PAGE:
An election, free of violence and the influence of black money, so that the people are really able to choose representatives of their choice, is what we all seek. The Awami League has also, in the interim, raised the issue of state funding of political parties, an idea that we should all support and help realize.

The necessity for reform was acknowledged and felt by civil society, too, and had these legitimate reforms been accepted by the BNP-Jamaat government, and elections conducted accordingly, we would perhaps not have been in the position we are in today.

Elections sooner rather than later, after completion of the basic reforms necessary to ensure as level a playing field as possible, is clearly the order of the day, and this in turn warrants due resumption of the political process involving engagement of all parties and stakeholders in debating, defining and shaping the period leading up to the polls itself.

Even with most of these in place prior to the elections, and the polls thereafter are technically proper and acceptable (I acknowledge that this in itself is a big ask), the question still remains will we be able to develop a functional political process thereafter?

There is, and has been for a while now, an overwhelming and unexceptional focus on the electoral process itself, but there has hardly been any discourse on what should happen in the period between the elections; I consider this to be equally, if not more, important.

Just as having a constitution which allows full and unhindered practice of democracy within a political party does not ensure that democracy is thriving internally within that party, a transparent, fair and inclusive electoral process does not in itself guarantee that democracy will flourish thereafter at the national level.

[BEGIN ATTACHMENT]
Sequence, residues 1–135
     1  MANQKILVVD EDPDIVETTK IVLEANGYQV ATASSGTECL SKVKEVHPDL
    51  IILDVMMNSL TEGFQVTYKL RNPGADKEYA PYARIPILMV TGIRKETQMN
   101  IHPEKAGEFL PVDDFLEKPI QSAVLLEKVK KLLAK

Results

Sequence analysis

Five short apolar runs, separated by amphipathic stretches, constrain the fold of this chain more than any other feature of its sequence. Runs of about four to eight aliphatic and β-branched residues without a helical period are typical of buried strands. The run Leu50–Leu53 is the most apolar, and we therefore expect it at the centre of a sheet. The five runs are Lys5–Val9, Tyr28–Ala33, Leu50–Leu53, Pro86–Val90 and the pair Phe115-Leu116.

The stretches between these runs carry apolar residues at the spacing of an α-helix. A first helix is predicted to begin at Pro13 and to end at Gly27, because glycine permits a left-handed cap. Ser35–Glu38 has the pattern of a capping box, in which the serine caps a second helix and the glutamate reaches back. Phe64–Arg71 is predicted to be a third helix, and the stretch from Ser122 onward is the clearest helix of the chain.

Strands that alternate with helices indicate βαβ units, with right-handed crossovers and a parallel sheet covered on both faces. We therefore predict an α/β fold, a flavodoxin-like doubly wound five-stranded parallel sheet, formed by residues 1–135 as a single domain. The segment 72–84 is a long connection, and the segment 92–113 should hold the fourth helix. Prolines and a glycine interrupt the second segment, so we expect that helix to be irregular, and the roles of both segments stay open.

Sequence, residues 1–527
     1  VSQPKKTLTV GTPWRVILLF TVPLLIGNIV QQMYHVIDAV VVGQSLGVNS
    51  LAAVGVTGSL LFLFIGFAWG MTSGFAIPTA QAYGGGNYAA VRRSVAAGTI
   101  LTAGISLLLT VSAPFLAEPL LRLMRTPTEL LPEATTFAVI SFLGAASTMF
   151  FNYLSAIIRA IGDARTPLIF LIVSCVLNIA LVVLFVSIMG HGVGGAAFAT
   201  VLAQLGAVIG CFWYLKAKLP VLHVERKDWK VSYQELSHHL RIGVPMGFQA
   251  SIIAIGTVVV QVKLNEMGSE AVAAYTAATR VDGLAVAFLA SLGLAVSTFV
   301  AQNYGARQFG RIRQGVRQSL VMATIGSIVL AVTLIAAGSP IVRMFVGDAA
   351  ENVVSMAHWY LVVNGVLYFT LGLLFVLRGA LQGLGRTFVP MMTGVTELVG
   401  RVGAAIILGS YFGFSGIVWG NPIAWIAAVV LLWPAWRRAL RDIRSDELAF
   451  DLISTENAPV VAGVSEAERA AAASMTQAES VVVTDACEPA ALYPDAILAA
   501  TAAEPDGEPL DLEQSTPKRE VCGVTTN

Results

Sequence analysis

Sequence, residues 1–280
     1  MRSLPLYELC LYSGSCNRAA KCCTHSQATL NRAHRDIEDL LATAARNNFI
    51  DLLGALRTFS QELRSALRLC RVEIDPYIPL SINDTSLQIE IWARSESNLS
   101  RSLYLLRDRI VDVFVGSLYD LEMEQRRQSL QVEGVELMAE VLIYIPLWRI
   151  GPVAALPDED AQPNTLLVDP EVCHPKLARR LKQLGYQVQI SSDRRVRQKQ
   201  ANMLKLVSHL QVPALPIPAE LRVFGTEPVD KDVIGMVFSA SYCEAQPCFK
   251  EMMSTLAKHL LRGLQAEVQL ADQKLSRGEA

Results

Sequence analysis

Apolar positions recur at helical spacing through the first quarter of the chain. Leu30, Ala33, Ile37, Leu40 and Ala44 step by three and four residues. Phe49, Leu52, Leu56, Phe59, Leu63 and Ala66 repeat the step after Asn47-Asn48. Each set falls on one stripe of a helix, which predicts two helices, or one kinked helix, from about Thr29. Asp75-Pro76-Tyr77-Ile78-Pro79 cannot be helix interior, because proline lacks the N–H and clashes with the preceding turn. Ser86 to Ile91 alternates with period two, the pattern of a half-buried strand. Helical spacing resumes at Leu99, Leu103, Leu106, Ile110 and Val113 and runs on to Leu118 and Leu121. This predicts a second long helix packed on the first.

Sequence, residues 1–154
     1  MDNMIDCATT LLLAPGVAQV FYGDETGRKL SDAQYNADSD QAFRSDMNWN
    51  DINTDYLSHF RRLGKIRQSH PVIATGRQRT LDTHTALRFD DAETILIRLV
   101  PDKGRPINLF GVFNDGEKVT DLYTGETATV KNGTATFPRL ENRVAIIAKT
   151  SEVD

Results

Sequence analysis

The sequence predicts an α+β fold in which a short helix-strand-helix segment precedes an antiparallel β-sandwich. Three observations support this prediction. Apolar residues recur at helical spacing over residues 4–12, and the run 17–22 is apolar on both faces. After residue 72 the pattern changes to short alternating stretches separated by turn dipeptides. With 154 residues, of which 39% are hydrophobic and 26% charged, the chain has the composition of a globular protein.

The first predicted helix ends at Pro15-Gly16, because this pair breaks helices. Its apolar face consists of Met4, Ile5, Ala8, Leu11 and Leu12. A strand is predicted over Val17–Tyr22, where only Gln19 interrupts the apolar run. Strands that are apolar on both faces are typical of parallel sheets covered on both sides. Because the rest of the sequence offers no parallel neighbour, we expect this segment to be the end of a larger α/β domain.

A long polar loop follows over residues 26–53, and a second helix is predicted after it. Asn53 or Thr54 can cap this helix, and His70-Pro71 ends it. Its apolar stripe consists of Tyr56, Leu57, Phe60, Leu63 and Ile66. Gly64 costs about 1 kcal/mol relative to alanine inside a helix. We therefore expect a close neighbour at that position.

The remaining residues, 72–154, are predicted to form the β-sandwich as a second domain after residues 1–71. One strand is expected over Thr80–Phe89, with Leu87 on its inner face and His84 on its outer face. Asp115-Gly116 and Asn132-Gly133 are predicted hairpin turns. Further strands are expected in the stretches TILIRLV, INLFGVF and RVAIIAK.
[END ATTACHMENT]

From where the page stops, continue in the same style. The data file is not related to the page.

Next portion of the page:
In our system of "winner take all," the victor marginalizing and weakening the opposition after elections has been the general trend, and this practice had its most violent, ruthless, deadly and troubling manifestation after the 2001 elections.

Inevitably, this in turn led to a paralysed and dysfunctional polity and political process where the national imperatives of sustained growth and development and welfare of the common citizen were simply not a priority, and did not, for that matter, find a place even at the periphery of the agenda. Parliament too, in this context, understandably wilted and failed to deliver.

The boundary lines of state, government and political party simply vanished, resulting in there being no barriers, divisions or differentiation between them.

Criticism of the government was thus construed as being anti-state and seditious, and the opposition was persecuted accordingly. Side by side, ruling party activists considered government assets as their personal wealth, as evidenced by the large scale, grass-root level plundering and looting of relief materials ranging from tins to clothing and food.